I keep getting a message to update Mozilla Thunderbird; and yet if I do, Thunderbird totally breaks. I don't dare update it and would like it to stop popping up the mess… (read more)
I keep getting a message to update Mozilla Thunderbird; and yet if I do, Thunderbird totally breaks. I don't dare update it and would like it to stop popping up the message. Can I do that?
How does it break?
When I update, it no longer allows me to use the "self-signed certificate" for MY OWN SERVER! I have tried every single possible way of manually installing the certificate; but it will not allow it. 68.8 allows it just fine with a message that pops up basically saying "do you really trust so and so is so and so" [with because it is my own server, that is asking, "do you trust that you are yourself?" And, yes, I do trust that I am myself, so I click permanently accept the certificate; and it just works. Newer versions stopped working that way; at one point (I believe it was 68.10 or 68.11) I was still able to manually install the certificate; but even that stopped working.
To put for a very apt analogy. Let us say that Thunderbird is a bank for e-mail; it stores e-mail messages; and conducts transactions (deposits/downloads, withdrawals/server deletions, and check processing/connections to servers) with the account owner and those the account owner works with.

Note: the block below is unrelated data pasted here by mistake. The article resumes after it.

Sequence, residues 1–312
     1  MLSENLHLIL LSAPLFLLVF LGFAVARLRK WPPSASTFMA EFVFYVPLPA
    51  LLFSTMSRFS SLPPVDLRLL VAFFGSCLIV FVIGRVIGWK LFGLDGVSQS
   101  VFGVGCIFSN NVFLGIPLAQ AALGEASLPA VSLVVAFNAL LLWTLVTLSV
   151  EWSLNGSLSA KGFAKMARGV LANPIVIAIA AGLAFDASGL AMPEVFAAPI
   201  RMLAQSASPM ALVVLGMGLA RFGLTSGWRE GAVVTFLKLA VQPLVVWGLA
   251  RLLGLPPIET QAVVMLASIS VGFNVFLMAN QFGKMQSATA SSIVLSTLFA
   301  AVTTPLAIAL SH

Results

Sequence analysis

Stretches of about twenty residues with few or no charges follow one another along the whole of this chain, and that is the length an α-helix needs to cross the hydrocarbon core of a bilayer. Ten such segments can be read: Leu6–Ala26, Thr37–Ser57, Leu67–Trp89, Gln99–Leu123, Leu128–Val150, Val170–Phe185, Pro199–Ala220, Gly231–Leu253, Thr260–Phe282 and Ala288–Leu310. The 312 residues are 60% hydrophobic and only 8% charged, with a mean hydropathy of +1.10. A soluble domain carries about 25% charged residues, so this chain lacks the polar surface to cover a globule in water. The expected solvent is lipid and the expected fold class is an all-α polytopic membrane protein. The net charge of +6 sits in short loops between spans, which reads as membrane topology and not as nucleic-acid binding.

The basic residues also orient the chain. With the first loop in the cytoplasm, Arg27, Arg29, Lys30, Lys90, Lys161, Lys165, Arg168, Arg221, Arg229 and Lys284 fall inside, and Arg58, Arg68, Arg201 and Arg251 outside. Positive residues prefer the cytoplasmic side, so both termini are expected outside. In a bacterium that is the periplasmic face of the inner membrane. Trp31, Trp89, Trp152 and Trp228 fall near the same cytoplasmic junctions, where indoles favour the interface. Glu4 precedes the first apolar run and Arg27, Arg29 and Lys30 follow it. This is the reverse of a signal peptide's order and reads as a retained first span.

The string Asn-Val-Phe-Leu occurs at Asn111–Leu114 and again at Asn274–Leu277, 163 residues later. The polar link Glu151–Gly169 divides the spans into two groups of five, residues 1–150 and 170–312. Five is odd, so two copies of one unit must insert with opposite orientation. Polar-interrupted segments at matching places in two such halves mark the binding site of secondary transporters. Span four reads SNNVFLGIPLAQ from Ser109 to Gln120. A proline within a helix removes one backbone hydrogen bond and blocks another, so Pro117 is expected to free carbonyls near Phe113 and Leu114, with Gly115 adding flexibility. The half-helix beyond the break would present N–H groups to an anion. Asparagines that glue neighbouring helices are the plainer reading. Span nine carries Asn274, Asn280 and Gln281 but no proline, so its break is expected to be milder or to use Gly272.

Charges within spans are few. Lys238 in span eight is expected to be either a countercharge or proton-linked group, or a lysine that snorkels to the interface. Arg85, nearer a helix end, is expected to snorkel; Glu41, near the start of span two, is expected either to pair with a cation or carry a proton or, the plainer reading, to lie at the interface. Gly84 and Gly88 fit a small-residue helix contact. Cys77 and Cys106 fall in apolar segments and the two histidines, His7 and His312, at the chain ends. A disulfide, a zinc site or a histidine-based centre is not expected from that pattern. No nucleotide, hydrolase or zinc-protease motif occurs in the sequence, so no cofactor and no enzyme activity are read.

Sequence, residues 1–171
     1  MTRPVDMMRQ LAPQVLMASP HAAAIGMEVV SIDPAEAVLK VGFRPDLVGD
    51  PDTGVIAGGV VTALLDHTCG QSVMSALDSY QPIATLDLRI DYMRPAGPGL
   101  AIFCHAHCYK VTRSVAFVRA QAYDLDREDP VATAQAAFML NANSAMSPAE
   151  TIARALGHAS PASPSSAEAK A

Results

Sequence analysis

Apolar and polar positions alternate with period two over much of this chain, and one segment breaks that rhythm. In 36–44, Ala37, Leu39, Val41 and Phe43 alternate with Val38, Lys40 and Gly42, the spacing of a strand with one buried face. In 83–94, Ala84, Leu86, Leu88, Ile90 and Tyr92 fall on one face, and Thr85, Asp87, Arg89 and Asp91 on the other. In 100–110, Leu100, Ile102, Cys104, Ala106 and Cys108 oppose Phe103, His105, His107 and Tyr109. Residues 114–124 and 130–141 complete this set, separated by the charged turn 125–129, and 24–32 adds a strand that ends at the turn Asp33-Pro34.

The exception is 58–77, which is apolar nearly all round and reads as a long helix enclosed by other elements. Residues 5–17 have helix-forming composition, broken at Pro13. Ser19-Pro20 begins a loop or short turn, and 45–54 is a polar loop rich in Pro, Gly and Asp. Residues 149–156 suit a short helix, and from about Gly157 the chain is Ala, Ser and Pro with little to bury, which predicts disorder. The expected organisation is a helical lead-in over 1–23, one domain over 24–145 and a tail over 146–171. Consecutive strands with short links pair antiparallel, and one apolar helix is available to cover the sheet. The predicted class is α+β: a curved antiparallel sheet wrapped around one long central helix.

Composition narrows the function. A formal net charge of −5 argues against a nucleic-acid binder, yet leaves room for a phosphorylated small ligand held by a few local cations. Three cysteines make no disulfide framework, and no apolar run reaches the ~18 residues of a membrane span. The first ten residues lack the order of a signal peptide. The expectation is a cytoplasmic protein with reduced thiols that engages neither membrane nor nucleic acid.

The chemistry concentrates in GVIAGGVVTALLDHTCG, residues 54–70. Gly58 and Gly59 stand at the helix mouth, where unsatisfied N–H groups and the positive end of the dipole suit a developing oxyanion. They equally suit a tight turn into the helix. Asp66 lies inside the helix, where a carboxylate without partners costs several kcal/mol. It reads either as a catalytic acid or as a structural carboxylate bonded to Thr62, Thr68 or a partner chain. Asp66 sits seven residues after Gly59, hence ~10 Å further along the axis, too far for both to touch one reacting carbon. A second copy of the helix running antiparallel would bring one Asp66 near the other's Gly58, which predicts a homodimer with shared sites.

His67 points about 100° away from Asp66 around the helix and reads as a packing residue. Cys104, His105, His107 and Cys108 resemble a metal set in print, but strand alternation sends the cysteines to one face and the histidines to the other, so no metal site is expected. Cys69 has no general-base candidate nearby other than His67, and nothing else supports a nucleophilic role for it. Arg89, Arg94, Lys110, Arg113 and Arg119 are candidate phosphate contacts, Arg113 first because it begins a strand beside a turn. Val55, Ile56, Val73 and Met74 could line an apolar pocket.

A self-signed certificate is literally the same as a person signing their own check and giving it to someone else. The bank is SUPPOSED to process that check; the drawing bank should validate the signature for sure, but the bank that the check is depositing in should have no say. [Thus I have no problem with a warning popping up saying -- do you validate this signature.]
But, can you imagine one day taking your paycheck to the bank and the bank saying "no we will not accept paychecks that aren't notarized." What is the process of notarizing a signature? It is having a third party (a trusted licensed notary public) verify that the person signing (whatever--in this case a bank check) is actually the person they say they are. That is literally what having a third party trusted root certificate signature and chain is doing; it is notarizing the signature on the security certificate.
While that may make sense for someone conducing business with someone that they do not know. It makes no sense for an employer to have to notarize the paychecks for his employees; especially when that is to the tune of several hundred dollars per year. Employees already know who their employer is; and already have established that trust.
Again, when I am providing e-mail only to employees on my company server; there is no reason at all that Thunderbird (which has nothing to do with my business; is simply only the bank account for e-mail transactions) should require me to pay extra money to establish trust that their employer is really their employer.